Hanscom officer excels in non-traditional role

  • Published
  • By Capt. Paul Norris
  • Afghanistan Ministry of Defense Acquisition Agency advisor
Capt. Stephen Gray, a cost chief for the Battle Management Directorate's Aerial Ground Surveillance System Division, embraced the non-traditional roles required of today's deployed Airmen during a recent deployment to Afghanistan. Instead of performing traditional financial management officer duties, he was at the forefront of transitioning new capabilities to the Afghan National Army.

"About a month and half before I left, I found out I had to attend ten weeks of combat advisory training at Fort Polk, Louisiana," said Captain Gray. "It was at this point I realized I wouldn't be doing a traditional financial management deployment."

In this unique mission, Captain Gray was a convoy commander, he overcame language and cultural barriers and deciphered foreign financial laws.

While in the AOR, Captain Gray logged more than 200 convoys. He consumed countless cups of chai while building relationships with the Afghan brass. He researched more than 100 articles on Afghan procurement law, searching for more economic and efficient ways for the Afghans to supply the national army, and advised on more than 300 contracts.

Captain Gray's journey began in March 2010 with two months training at Fort Polk. As a flight commander, he led a team of twelve Airmen through combat adviser skills training. The training, taught by the Army, covered convoy movements, crew served weapons familiarization and communications training. In addition to the combat skills training, each member was given language, culture and advisor training.

Upon completion of the training, Captain Gray deployed to the Security Assistance Office, Afghanistan, in Kabul in June and was assigned to serve as an advisor to the Afghan National Army Acquisition Agency. The agency is tasked with procurement of essential supplies and services for the entire Afghan National Army. Captain Gray had to quickly adapt and learn the Afghan procurement laws and processes.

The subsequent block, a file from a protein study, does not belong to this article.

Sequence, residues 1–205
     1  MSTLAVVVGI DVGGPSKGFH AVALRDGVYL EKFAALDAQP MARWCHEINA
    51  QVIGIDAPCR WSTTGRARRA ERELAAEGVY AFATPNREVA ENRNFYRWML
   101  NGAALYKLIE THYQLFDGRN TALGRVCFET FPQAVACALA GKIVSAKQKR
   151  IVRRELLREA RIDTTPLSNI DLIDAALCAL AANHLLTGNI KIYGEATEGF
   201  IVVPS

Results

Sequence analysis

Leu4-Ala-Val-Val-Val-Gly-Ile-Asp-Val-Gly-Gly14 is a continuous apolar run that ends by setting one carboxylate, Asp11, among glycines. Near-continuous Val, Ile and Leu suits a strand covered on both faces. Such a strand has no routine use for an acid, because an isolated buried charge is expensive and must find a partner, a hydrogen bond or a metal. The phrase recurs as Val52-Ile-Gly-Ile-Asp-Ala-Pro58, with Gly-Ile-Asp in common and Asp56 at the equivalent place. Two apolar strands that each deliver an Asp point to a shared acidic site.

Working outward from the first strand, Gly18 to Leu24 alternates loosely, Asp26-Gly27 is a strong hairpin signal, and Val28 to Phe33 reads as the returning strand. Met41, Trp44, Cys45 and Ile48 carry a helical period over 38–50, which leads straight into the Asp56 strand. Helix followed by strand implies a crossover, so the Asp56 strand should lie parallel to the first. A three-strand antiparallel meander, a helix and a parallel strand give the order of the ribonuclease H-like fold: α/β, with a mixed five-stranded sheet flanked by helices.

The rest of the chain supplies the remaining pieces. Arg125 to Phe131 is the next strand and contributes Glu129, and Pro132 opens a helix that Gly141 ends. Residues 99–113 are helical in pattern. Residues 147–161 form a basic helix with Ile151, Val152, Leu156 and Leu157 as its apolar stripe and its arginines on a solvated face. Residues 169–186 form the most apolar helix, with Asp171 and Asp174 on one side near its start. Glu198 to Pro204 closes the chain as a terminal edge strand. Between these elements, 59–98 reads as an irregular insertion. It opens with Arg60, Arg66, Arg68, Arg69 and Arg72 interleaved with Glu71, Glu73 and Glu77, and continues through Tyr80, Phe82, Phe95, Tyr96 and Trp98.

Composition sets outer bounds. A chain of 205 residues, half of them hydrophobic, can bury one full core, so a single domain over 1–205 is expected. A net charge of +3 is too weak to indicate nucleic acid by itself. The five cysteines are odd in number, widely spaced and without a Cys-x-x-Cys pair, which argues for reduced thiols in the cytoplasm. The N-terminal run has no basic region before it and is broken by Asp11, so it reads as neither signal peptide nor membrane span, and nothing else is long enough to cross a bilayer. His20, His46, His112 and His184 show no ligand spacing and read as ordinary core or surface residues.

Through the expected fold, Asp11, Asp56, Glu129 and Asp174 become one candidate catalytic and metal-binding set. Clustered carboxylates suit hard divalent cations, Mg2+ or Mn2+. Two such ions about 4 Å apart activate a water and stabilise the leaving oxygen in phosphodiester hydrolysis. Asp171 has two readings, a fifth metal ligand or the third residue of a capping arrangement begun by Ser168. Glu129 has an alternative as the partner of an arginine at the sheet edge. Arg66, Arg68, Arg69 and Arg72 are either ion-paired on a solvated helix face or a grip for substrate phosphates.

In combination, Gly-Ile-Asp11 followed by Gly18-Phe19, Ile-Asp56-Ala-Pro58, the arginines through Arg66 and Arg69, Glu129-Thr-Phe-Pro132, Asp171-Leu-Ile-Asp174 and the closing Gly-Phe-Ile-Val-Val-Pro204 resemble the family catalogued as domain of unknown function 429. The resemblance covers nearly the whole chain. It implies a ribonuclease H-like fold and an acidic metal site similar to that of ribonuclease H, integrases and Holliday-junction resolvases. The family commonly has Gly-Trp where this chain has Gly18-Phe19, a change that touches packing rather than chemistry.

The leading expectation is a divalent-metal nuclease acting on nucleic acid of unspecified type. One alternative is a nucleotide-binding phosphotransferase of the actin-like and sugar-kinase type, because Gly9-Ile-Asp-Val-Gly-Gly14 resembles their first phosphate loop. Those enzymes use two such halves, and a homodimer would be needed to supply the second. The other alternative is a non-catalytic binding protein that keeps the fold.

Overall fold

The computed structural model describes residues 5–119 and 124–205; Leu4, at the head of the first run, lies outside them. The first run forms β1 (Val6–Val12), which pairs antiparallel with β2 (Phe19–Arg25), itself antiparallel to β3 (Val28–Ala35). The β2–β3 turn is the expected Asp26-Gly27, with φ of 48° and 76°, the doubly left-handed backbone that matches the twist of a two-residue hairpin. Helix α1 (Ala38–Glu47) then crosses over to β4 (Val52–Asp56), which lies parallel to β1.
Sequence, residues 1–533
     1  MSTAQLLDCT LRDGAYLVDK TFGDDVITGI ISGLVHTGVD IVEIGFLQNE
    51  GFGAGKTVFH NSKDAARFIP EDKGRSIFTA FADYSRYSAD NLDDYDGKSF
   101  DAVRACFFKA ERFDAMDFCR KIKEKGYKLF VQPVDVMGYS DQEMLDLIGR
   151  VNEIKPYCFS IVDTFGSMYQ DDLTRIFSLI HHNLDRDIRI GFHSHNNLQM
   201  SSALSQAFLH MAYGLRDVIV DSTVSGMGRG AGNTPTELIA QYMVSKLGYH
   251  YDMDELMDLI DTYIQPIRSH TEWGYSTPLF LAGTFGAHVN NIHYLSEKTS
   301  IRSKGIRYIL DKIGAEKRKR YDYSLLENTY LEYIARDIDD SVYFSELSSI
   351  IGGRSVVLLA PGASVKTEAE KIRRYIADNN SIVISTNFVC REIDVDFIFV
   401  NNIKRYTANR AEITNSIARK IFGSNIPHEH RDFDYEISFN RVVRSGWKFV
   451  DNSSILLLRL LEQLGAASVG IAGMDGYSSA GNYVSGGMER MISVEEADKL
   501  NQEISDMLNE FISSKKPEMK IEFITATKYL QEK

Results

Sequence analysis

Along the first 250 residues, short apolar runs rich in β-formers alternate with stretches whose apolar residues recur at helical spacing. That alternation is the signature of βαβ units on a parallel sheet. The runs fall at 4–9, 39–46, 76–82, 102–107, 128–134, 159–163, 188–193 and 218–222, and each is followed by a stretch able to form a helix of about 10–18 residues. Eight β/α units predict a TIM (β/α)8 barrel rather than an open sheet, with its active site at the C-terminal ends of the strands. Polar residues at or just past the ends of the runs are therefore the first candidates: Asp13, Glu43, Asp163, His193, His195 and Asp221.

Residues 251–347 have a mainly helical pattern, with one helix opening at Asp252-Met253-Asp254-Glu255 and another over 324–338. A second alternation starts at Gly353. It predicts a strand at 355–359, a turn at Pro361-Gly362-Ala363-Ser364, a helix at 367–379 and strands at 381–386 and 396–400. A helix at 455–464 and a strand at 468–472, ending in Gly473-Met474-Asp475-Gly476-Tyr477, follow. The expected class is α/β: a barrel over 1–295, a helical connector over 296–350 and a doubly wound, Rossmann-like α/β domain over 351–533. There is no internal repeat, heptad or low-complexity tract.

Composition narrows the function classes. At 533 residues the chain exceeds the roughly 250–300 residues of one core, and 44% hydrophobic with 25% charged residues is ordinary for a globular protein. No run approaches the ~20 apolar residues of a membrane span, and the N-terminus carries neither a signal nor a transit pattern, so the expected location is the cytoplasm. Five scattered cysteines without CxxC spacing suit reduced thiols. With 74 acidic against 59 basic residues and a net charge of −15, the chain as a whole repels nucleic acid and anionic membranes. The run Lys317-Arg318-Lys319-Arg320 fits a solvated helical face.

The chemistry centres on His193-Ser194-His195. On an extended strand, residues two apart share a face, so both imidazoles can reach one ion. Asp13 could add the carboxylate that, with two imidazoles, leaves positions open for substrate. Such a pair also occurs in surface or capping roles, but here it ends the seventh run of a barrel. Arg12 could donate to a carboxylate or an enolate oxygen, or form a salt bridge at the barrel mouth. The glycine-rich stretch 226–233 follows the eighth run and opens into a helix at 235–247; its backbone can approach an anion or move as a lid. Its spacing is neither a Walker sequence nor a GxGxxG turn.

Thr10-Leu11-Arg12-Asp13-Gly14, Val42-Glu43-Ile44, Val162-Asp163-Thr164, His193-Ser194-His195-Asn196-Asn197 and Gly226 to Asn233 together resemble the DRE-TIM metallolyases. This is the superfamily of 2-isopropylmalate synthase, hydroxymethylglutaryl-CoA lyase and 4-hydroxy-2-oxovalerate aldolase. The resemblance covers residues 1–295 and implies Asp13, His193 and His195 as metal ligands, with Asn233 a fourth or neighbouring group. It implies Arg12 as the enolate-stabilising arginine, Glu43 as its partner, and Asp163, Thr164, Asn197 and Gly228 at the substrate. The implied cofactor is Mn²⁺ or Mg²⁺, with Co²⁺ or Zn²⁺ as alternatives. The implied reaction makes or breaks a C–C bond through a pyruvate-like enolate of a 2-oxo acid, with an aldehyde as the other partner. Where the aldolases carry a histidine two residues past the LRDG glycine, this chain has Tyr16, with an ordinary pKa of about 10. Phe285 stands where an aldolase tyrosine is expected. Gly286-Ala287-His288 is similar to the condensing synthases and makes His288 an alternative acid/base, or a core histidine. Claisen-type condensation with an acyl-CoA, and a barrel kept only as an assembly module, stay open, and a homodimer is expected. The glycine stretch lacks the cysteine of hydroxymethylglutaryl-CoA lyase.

"I thoroughly enjoyed working with the Afghans in the Afghan National Army," he said. "One of the things I worked with them on was establishing internet solicitations for bid proposals, which received very positive feedback from the Army and Afghan vendors alike."

At the acquisition agency, he was assigned to mentor Brig. Gen. Mir Hamza, from the Cost and Pricing Directorate, and Col. Qaseemi Habibullah, from the Central Contracting Directorate.

For the Cost and Pricing Directorate, Captain Gray helped to streamline the payment process and introduced new cost estimating techniques. In the Central Contracting Directorate, he was able to partner with the non-governmental organization, Peace Dividend Trust, to help increase Afghan vendor participation and competition.

Previously, each vendor had to physically travel to the acquisition agency to both pick up and drop off bidding documents. The lack of automation had greatly reduced vendor participation and, as a result, competition. Captain Gray was able to help the Afghan National Army by leveraging the internet to automate the bid solicitation process.

"I was surprised at the capabilities of the Afghan soldiers I worked directly with," he said. "I was told to expect to work with illiterate soldiers that had little to no computer skills."

The new internet solicitation process was a huge success, according to Captain Gray. The first contract solicited over the internet resulted in many vendors that had never before bid on an Afghan Ministry of Defense contract. Competition was greatly increased due to the large number of vendors that responded. As a result, the acquisition agency began seeing more vendors and competition than ever before.

After setting the stage for successful processes, Captain Gray handed off duties to the next person to continue leading the transition in Afghanistan. He returned home just in time for Christmas and is now settling back in to life in the United States.

"I honestly didn't expect to return until the first part of January, but the flights lined up enabling me to make it home Christmas Eve," he said. "It was a great surprise."

Captain Gray is returning back to his position as cost chief for the Aerial Ground Surveillance System Division and he can now say he had a hand in not just supporting the Warfighter, but leading the transition in Afghanistan.

Sarah Olaciregui from the 66th Air Base Group Public Affairs office contributed to this article.